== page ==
Tuesday, February 28, 2012

My Ears are Burning: A Taiwan Coffeeshop Rant

I have a whole slew of shorter posts I want to write, but I  think right now I am just going to have a short rant about something totally inconsequential, yet dear to my heart.

That topic is "coffeeshop music in Taiwan".

Last year, over Chinese New Year in Kaohsiung, we were watching TV with our friend's family and an advertisement for a set of CDs came on - the set was a collection of the "best" Western music -"if you want all the best songs, from The Carpenters to Richard Marx, don't miss this amazing CD set!" the narrator intoned in Mandarin. In the background, Yesterday Once More, something by Celine Dion, Love is a Battlefield (which I associate more with the Philippines than Taiwan), I've Been to Paradise But I've Never Been to Me and other soft rock hits from the 60s through the 80s played in the background. I don't know all of the artists but I assume they all have names like The J.C. Edwards Experience or Muttles McDougalson Sings The Blues and they've all released albums with mustard-and-brown covers featuring men with bouffants and way too much chest hair, and possibly a belted sweater.

from here
And of course there's Hotel California, which, whenever it comes on someone always says "Oh that's my favorite love song!"

But that's not the worst of it - although that's pretty bad.

I mean, I don't want to come off as some music snob. I like a lot of different stuff and I'm not anti-popular artist. I don't like to say "you've probably never heard of them". I like rap (Talib Kweli!), I like rock (The Dandy Warhols! The New Pornographers!), I like folk (vintage Ani DiFranco! Neko Case! Joni Mitchell if you wanna go old school), I like classic rock (Led Zep!), I even like "goth metal" (Lacuna Coil!) in small doses and lots of world music, on top of "everyone likes them except that one guy who thinks he's so cool" bands along the lines of Radiohead and Jay-Z. I admit to liking Cake even though they're so over. I like a lot of music I expect people to have heard of, like Esthero and Tabla Beat Science, and am surprised when they haven't. I don't like much contemporary music in Asia - not a big fan of Mando-Pop or Canto-pop or J-Pop or Korean pop. I do like a lot of classical music, Western opera and Taiwanese opera (but not Beijing opera, mostly), Indian music both classical and contemporary and world music, too.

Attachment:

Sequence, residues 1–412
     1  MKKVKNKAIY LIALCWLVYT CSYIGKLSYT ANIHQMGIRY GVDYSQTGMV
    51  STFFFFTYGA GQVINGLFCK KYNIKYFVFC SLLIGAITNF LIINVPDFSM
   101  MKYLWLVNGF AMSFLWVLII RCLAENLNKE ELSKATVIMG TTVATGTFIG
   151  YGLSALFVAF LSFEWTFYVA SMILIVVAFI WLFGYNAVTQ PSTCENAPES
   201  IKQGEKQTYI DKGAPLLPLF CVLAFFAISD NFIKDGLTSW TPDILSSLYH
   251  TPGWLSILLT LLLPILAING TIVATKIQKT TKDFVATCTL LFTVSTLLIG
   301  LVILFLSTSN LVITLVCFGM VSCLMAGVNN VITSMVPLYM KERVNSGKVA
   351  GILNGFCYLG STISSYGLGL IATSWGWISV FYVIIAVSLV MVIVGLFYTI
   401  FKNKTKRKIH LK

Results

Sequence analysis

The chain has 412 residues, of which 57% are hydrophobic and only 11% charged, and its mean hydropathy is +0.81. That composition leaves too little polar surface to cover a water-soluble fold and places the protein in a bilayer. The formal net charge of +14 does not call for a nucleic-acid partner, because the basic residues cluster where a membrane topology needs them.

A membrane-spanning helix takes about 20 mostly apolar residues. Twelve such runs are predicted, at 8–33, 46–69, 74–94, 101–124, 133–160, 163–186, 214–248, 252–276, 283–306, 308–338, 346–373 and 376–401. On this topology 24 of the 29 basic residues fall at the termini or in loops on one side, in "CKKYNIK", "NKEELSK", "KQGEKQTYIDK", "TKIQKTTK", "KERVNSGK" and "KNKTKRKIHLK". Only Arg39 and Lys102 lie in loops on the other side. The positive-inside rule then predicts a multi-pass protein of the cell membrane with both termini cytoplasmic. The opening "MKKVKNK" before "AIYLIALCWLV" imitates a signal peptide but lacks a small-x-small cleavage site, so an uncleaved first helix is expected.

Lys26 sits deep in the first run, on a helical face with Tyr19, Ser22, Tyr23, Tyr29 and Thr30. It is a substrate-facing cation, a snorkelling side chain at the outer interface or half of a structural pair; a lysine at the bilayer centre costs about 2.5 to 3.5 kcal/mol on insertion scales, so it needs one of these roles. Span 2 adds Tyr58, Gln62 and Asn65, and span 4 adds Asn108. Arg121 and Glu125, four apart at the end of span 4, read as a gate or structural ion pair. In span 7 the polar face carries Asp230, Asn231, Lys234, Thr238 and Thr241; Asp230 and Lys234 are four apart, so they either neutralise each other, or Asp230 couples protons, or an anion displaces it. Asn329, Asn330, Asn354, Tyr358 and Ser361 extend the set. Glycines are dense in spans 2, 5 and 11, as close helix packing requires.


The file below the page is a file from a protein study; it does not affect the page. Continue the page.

The music in coffeeshops in Taipei rankles even my relatively modest tastes in music. Forget the '70s stuff -  some of it was innovative at the time, some derivative, some pure schlock. I'm talking the stuff that actually makes you want to rip your ears off and run, screaming and bleeding, into the street.

Here's a run-down:

-  A harp instrumental cover of I Am The Walrus, with no lyrics. What is the point of that? The same exists in piano form. WHY?

- The Entertainer, slowed down to ballad tempo and played softly and lyrically on a harp. WTF

- An R&B version of A Charlie Brown Christmas, notable for being played sometime in mid-July

- Ballad. Covers. Of. Radiohead. I really have no idea. Who thought that Wolf at the Door, Idiotheque, Paranoid Android and Everything in its Right Place would make good soft rock ballads? I mean this is seriously the worst thing to happen to music since hip hop artists figured out that "in the club" could be rhymed with "sippin' bub".

- Songs by Journey - fun as they are as a pure guilty pleasure to sing to if they're playing in a bar and you've had a few - played on and I seriously kid you not, a glass harmonica. I really wish I were joking but I am not.